Given these circumstances, we conclude, in the exercise of our broad discretion, that a deviation from the Supreme Court of New Jersey's disciplinary sanction is warranted (see e.g. Matter of Spechler, 198 A.D.3d 1098, 1100, 155 N.Y.S.3d 615 ; Matter of Hoover, 196 A.D.3d 994, 995–996, 151 N.Y.S.3d 741 ; Matter of Hoines, 185 A.D.3d at 1350, 128 N.Y.S.3d 374). Notably, suspension from practice has generally been considered an appropriate sanction in this state upon sustained allegations of commingling or misappropriation where “a lawyer knows or should know that he [or she] is dealing improperly with client property and causes injury or potential injury to a client” (ABA Standards for Imposing Lawyer Sanctions § 4.12; see Matter of Jew, 175 A.D.3d 812, 813, 103 N.Y.S.3d 882 ). Accordingly, upon review of the totality of respondent's established misconduct and the factors in mitigation, we conclude that, in order to protect the public, maintain the honor and integrity of the profession and deter others from committing similar misconduct (see Rules for Attorney Disciplinary Matters [22 NYCRR] § 1240.8[b]), respondent should be suspended from the practice of law in this state for a period of one year (see Matter of Spinnell, 185 A.D.3d 1, 4, 127 N.Y.S.3d 483 , lv denied 36 N.Y.3d 909, 2021 WL 1181988 ; Matter of Munzer, 261 A.D.2d 87, 90, 697 N.Y.S.2d 49 ; see also Matter of Mann, 284 A.D.2d 719, 720, 727 N.Y.S.2d 492 ).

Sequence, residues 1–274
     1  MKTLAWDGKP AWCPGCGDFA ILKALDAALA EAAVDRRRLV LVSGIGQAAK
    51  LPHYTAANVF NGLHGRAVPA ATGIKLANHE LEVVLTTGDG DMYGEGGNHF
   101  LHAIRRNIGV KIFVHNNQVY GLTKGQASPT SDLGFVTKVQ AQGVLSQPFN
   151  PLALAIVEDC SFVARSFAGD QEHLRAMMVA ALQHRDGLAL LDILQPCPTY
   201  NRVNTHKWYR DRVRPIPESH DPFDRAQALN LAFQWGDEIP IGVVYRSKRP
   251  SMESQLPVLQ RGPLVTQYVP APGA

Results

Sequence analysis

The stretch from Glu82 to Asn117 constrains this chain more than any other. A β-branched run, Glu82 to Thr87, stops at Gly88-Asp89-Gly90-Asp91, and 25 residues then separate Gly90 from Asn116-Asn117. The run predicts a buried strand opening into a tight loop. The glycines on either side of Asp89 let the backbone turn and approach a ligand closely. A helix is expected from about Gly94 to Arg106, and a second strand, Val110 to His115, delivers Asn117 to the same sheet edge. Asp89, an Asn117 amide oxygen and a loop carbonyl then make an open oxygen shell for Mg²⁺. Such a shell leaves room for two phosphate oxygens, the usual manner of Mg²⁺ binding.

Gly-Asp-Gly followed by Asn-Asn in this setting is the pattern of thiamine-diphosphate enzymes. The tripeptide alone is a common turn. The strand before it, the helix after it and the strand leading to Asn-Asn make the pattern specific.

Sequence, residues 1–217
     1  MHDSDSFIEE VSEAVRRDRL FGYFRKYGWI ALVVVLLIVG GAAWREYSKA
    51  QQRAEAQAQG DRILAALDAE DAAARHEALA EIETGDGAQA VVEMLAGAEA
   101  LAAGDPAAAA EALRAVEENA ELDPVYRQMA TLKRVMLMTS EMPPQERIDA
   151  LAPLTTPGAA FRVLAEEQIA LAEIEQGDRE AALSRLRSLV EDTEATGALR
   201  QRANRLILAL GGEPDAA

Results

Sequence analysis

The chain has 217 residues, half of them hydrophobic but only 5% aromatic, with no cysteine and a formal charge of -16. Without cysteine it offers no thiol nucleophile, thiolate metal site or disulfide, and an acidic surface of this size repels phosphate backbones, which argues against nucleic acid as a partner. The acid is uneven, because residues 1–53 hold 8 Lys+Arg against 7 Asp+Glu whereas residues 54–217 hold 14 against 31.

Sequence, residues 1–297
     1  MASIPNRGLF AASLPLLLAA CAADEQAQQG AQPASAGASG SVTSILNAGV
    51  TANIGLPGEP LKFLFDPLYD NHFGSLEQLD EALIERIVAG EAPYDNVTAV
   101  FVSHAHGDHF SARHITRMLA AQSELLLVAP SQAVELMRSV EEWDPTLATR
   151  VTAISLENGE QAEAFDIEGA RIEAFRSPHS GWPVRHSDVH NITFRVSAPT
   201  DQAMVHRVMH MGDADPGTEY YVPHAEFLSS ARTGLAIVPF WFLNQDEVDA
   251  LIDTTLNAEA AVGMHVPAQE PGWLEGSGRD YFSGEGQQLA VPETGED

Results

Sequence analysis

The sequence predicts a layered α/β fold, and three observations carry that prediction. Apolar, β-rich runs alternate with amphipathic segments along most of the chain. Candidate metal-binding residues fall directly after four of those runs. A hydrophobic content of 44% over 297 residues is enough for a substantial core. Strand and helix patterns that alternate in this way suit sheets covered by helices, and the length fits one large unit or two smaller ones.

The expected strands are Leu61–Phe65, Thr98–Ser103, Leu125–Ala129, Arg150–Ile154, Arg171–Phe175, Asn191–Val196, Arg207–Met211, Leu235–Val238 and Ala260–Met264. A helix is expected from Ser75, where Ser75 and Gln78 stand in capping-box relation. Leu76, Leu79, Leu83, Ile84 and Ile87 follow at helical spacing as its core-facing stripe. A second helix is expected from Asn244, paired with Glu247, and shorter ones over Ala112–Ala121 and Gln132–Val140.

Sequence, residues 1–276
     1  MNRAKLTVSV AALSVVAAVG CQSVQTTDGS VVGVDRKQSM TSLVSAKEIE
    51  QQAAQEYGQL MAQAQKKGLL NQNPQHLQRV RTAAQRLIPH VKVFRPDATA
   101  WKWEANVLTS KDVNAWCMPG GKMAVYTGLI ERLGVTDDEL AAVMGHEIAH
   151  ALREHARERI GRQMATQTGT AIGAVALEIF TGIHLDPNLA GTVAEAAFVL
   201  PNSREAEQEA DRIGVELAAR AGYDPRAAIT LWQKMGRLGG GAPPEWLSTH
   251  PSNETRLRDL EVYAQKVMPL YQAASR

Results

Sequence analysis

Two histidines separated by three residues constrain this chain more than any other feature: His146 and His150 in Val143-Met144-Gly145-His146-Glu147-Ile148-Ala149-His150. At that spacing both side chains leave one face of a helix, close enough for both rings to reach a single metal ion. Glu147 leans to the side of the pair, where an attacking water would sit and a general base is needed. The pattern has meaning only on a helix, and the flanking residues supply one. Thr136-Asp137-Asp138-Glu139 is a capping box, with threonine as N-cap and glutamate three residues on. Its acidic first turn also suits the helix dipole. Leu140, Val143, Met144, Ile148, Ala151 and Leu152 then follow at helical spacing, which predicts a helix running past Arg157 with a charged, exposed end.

ORDERED that the motion of the Attorney Grievance Committee for the Third Judicial Department is granted; and it is further
ORDERED that respondent is suspended from the practice of law for a period of one year, effective immediately, and until further order of this Court (see generally Rules for Attorney Disciplinary Matters [22 NYCRR] § 1240.16); and it is further
ORDERED that, for the period of suspension, respondent is commanded to desist and refrain from the practice of law in any form in the State of New York, either as principal or as agent, clerk or employee of another; and respondent is hereby forbidden to appear as an attorney or counselor-at-law before any court, judge, justice, board, commission or other public authority, or to give to another an opinion as to the law or its application, or any advice in relation thereto, or to hold herself out in any way as an attorney and counselor-at-law in this State; and it is further
ORDERED that respondent shall comply with the provisions of the Rules for Attorney Disciplinary Matters regulating the conduct of suspended attorneys and shall duly certify to the same in her affidavit of compliance (see Rules for Attorney Disciplinary Matters [22 NYCRR] § 1240.15).